Sunday, August 12, 2018

Flow Navigation Menu Control in Oracle VBCS

Oracle VBCS allows us to build multiple flows within the application. This is great - this helps to split application logic into different smaller modules. Although VBCS doesn't offer (in the current version) declarative support to build menu structure to navigate between the flows. Luckily this requirement can be achieved in few simple steps, please read John Ceccarelli post - Adding a Navigation Bar to a VBCS Application. I thought to go through instructions listed by John and test it out, today post is based on this. In my next posts I will take a look how to replace navigation bar menu structure with something more advanced, for example - menu slider on the left.

I think VBCS have great potential as JavaScript declarative development IDE. I see many concepts are similar to other Oracle declarative development tools, e.g. Forms, Oracle ADF. VBCS runs Oracle JET, all you build in VBCS is Oracle JET. Oracle takes care upgrading Oracle JET version in VBCS, I have applied recent patch (by click of the button) and latest JET version is available within our VBCS environment:


Coming back to flows in VBCS. We can create as many flows we want. Each flow could be based on one or multiple fragments (HTML/JS modules). Here I have created three flows, each with single fragment:


We can select flow and this will bring us flow diagram, where we could have navigation implementation between flow elements/fragments:


Fragment - this is where UI part is done:


So thats about flows and fragments. For someone with ADF background, this sounds very similar to task flows and fragments. Next we should see how to implement flow navigation, to be able to select flow from the top menu. VBCS application comes with so called shell page. This page is top UI wrapper, which contains application name, logged user info, etc. Here we can implement top level menu, which would navigate through application flows:


There must be default flow, which is displayed once application is loaded. Default flow is set in settings of the shell page. Go to settings and choose default flow, dashboard-flow in my case:


Next we need to add JET component - navigation list to the shell page, to render menu UI. You can do it by drag and drop, but easier is to switch shell page to source view and add navigation list HTML portion manually (you can copy paste it from source code uploaded to GitHub, see link at the end of this post) - highlighted HTML will render menu bar to navigate between flows:


Initially you will notice error related to JET navigation list not recognised, we need to import it. Another error - selection listener is not found, we will implement it.

To import JET navigation list component, go to source implementation of the shell page and add oj-navigation-list in component imports section - this will solve issue with unknown navigation list entry:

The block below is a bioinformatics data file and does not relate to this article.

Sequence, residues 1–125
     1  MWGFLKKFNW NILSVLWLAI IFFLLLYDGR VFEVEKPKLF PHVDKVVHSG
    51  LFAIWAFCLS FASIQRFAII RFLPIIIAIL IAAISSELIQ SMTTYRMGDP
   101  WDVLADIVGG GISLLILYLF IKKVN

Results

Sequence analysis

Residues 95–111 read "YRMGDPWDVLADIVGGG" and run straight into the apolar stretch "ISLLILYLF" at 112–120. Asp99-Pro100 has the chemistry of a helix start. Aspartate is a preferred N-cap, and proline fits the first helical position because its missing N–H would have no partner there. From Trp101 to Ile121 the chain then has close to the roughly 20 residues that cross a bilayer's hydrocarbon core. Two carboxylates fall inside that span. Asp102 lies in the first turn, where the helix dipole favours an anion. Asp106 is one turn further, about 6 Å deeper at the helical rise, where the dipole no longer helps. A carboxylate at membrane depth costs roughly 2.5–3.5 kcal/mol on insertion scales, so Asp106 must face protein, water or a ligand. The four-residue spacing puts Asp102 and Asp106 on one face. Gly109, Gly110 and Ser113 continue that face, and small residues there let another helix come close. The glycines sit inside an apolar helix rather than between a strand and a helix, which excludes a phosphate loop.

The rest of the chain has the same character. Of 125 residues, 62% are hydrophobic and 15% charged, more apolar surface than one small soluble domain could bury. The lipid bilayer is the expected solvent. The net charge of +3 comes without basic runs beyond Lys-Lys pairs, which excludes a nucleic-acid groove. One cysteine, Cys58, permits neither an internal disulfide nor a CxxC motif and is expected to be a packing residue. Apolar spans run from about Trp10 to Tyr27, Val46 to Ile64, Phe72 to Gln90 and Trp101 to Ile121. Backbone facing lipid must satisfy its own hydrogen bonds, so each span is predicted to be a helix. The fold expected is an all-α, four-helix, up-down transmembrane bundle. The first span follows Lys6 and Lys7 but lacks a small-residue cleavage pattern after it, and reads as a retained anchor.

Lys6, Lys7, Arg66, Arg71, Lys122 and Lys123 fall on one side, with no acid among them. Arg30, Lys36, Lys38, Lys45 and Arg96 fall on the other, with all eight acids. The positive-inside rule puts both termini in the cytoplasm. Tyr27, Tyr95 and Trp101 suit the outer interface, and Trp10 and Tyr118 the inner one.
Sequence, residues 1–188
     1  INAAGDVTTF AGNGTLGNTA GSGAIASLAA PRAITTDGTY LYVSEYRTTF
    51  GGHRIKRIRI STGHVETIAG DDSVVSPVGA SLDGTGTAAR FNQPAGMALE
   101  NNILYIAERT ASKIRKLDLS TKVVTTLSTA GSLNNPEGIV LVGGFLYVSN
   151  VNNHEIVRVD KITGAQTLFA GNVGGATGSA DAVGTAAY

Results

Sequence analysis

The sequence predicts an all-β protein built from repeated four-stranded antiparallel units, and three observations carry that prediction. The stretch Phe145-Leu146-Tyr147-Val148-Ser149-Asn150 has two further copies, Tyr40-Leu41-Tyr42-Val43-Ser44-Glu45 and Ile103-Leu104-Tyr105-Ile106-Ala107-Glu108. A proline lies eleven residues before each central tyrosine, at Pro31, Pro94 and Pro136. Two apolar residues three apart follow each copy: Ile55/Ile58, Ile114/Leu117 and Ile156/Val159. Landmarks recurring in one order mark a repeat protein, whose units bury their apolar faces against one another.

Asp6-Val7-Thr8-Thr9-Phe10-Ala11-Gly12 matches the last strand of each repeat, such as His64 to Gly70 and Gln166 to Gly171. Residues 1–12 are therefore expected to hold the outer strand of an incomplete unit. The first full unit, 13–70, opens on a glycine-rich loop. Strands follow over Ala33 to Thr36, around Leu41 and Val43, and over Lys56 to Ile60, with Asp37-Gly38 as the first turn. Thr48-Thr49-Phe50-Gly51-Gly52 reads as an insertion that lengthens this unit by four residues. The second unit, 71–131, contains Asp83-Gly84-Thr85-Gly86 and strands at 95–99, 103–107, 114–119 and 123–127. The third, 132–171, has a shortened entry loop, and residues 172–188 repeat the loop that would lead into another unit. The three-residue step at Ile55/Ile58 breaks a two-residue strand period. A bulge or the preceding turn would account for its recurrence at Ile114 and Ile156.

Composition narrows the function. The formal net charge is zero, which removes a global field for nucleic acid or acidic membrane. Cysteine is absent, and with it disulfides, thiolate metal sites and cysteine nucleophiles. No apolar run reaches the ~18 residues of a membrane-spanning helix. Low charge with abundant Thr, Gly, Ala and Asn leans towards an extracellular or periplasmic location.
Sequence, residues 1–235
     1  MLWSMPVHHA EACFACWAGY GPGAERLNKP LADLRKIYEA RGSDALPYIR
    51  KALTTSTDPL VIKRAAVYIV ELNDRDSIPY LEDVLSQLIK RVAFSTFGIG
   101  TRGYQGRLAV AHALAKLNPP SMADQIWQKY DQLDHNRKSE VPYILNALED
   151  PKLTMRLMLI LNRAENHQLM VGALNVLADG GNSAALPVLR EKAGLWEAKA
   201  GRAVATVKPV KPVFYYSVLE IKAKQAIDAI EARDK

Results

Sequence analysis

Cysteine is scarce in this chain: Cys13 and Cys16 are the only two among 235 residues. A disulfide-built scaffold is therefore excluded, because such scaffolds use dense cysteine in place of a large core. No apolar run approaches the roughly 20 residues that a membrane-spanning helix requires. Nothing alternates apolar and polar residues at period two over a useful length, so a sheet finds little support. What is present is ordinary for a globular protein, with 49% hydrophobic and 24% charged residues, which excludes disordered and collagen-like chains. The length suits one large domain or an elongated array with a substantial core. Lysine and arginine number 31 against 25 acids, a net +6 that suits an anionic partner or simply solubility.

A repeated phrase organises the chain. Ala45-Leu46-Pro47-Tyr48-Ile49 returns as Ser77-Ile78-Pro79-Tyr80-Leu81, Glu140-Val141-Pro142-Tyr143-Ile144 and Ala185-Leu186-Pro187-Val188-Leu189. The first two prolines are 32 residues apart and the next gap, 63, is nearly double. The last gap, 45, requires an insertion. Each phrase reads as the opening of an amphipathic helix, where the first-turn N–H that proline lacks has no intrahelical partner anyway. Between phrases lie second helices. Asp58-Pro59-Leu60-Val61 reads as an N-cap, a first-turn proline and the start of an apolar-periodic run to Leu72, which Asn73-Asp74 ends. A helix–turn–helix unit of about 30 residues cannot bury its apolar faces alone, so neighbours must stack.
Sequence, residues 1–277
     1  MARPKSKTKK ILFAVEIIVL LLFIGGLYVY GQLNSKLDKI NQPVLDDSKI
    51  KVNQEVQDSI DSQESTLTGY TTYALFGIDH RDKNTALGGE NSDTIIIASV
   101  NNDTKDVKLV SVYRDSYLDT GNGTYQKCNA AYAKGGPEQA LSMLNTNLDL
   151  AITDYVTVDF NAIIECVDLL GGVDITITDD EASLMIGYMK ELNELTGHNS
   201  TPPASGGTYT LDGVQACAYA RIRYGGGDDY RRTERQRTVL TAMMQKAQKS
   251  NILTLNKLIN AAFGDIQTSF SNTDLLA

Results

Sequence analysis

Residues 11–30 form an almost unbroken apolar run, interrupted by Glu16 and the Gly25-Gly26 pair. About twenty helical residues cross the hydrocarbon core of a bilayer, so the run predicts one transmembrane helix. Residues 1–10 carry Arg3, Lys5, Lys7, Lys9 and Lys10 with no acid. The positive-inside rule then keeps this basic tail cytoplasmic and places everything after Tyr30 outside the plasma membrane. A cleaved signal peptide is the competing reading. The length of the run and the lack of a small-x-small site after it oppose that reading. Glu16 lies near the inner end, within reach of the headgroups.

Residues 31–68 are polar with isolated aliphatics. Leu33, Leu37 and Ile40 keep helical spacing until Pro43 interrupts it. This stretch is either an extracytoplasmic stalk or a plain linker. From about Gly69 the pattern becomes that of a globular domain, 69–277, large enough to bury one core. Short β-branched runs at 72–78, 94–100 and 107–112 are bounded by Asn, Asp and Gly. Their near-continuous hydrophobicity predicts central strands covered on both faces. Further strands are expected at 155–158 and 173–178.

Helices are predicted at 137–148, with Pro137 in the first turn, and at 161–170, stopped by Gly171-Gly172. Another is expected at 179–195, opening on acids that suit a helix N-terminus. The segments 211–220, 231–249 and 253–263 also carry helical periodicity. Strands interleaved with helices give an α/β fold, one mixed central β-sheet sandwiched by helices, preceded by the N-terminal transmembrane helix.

To execute action in VBCS, we must create Action Chain. Crete Action Chain within shell page - navigateToPage:


We need input parameter - flow name, which want navigate to. Create variable in Action Chain - currentFlow:


Add action of type Navigate to Action Chain, this will trigger navigation logic:


Go to Action Chain source and add "page": "{{$variables.currentFlow}}" under actions. This will force navigation to the flow, which will be passed through parameter:


Finally we create navigation list selection event (within shell page), this event will trigger action chain created above and pass current flow ID. We must create custom event and its name should match even name defined in JET navigation list in HTML (see above):


Choose to create custom event (it didn't work for me in Chrome, only in Safari browser. VBCS bug?) and provide same name as in navigation list component listener:


Choose our navigation Action Chain to be triggered from this event:


Just a reminder, event is called from navigation list selection:


Event is passing flow ID from currently selected tab item:


On runtime, dashboard flow is loaded by default:


We can switch to Jobs, etc.:


Download exported (runnable only in VBCS) VBCS app from GitHub repo.

Thursday, August 9, 2018

Oracle Offline Persistence Toolkit - Controlling Online Replay

Few months ago I had a post about Oracle Offline Persistence toolkit, which integrates well with Oracle JET (JavaScript toolkit from Oracle) - Oracle JET Offline Persistence Toolkit - Offline Update Handling. I'm back to this topic with sample application upgraded to JET 5.1 and offline toolkit upgraded to 1.1.5. In this post I will describe how to control online replay by filtering out some of the requests, to be excluded from replay.